Contact

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Dr. Arun Sampathkumar
Phone:+49 331 567-8365

Infrastructure Groups and Service Units

Plant Cell Biology and Microscopy

The group of Dr. Arun Sampathkumar is a central infrastructure group that provides researchers within the institute, with access to advanced imaging platform, as well as assists them in meeting the different cell biological needs of the project. Apart from this, the group uses interdisciplinary approaches associating biology to physics, to decipher biosynthetic and regulatory aspects of plant cell walls. 

The Plant Cell Wall

<p>Depth-color coded images of aligned confocal Z-sections of <em>Arabidopsis</em> inflorescence meristem.</p> Zoom Image

Depth-color coded images of aligned confocal Z-sections of Arabidopsis inflorescence meristem.

The plant cell wall is the largest source of biomass on Earth, and is largely made up of cellulose, non-cellulosic polysaccharides and lignin. Depletion of fossil fuels over the years has created a huge demand for increased biomass production. The potential applications of plant biomass range from feed, food, fuel and biomaterials. Understanding the functional role of genes and mechanisms involved in cell wall biosynthesis is therefore of upmost importance to engineer plants to become a source of affordable and reliable biomass. In spite of the importance of plant cell walls, little is known about the molecular and cell biological workings of the cell wall biosynthetic machinery.

The Mechanics Behind Cell and Tissue Level Morphogenesis

Precise synthesis of cell wall constituents, coupled with remodeling of the existing cell wall matrix, allows for the formation of complex cell and organ shapes. Cellulose, a ß-1,4-linked glucan polymer, synthesized by cellulose synthase complexes constitutes the main load-bearing structure in the plant cell wall. The microtubule cytoskeleton plays an important role in regulating oriented deposition of cellulose. Changes in physical forces on plant cells result in remodeling of the existing microtubule cytoskeleton network. Since the physical force experienced by a cell is dependent on its own cellular geometry, as well as the direction of expansion of its neighbors, there is a complex supra-cellular feedback between physical forces and the physical properties of the cell wall (Sampathkumar et al 2014).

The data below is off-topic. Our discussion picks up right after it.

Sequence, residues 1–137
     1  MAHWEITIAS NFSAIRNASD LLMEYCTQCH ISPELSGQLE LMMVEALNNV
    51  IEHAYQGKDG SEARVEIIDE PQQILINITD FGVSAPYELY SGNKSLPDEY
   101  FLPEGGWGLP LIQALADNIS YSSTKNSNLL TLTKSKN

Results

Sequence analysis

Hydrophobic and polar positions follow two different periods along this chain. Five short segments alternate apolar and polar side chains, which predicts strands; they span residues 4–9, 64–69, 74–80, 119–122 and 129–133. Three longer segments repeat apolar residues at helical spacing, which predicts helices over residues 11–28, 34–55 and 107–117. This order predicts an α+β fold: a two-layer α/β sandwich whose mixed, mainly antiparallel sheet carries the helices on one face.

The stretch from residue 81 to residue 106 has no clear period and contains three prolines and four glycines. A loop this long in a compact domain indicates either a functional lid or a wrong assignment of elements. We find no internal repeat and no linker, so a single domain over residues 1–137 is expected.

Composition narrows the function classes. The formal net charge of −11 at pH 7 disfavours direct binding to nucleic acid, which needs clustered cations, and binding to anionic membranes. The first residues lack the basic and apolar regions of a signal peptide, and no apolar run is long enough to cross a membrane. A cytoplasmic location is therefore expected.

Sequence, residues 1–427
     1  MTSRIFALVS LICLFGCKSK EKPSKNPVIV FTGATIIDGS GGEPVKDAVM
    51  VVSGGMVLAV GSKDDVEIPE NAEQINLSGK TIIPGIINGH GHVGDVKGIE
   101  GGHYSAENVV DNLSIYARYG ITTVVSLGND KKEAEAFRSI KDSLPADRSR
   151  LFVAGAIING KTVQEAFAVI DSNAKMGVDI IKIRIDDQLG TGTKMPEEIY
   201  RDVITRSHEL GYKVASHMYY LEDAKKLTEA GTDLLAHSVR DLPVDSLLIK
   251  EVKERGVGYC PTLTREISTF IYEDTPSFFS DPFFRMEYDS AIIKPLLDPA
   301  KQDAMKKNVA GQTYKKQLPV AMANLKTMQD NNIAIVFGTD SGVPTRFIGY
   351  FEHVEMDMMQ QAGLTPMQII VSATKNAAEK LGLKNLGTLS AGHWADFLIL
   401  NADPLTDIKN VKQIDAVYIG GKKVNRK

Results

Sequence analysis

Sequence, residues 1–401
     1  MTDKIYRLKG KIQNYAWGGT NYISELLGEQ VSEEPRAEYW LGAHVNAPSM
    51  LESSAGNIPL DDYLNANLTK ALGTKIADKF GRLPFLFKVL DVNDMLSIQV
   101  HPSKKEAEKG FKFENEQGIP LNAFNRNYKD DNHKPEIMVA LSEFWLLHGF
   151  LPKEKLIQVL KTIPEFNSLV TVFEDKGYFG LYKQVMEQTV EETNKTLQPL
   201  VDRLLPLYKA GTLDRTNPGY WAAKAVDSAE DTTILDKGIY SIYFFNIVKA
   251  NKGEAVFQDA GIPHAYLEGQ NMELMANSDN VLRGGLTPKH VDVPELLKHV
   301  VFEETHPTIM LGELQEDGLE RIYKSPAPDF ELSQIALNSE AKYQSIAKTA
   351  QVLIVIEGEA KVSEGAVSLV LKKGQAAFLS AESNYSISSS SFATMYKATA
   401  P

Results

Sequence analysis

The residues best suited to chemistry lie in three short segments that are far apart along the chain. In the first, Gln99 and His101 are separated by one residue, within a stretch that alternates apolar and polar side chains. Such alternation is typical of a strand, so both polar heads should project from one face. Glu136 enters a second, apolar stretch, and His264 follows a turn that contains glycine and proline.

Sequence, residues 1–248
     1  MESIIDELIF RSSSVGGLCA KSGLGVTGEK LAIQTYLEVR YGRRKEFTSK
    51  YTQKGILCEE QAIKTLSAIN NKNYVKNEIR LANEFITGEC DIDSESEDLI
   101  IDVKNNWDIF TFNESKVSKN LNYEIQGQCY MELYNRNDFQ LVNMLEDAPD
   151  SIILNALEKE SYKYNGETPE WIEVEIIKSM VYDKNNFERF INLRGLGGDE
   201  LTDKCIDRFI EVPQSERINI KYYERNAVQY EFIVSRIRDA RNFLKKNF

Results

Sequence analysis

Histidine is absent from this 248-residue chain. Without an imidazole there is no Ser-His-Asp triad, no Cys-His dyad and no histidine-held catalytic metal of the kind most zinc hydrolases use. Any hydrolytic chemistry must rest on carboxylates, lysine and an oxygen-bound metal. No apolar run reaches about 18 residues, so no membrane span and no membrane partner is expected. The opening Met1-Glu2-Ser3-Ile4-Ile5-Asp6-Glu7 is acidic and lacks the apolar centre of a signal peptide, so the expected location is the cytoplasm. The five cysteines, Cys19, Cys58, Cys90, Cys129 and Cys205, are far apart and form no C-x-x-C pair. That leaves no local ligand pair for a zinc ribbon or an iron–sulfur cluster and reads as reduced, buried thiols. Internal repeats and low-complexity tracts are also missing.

<span>A depth color-coded set of aligned confocal Z-sections of microtubule arrays (mCherry:TUA5) in <em>Arabidopsis</em> leaf epidermal pavement cells, which exhibit complex polarity.</span> Zoom Image
A depth color-coded set of aligned confocal Z-sections of microtubule arrays (mCherry:TUA5) in Arabidopsis leaf epidermal pavement cells, which exhibit complex polarity. [less]

Our Research

The group employs a wide array of high-resolution imaging and molecular techniques in combination with micromechanical manipulation of physical stress, to address how local and global stresses influence behavior of molecular elements at cellular and tissue levels. This is done in conjuncture with development of finite element based models and measurement of biophysical properties of cell walls, performed in close collaboration with experimental and theoretical physicists. Computational modeling of such systems is also done to test and generate hypothesis. The above method of study employed by the group is termed as COMPUTATIONAL MORPHODYNAMICS.

The questions that the research group is currently trying to address are:

(1) How does cellulose synthase complex behavior at the plasma membrane influence cell shape?

(2) Is the molecular composition and function of the primary cell wall cellulose synthase catalytic core conserved in all cell and tissue types?

(3) What is the contribution of cytoskeleton and its associated proteins in mechano- perception and response?

Would you like to have a look through our different microscopes? In our gallery you will find the most fascinating and gorgeous pictures our scientists took during the course of their research projects.

Microscopy Gallery

Would you like to have a look through our different microscopes? In our gallery you will find the most fascinating and gorgeous pictures our scientists took during the course of their research projects.

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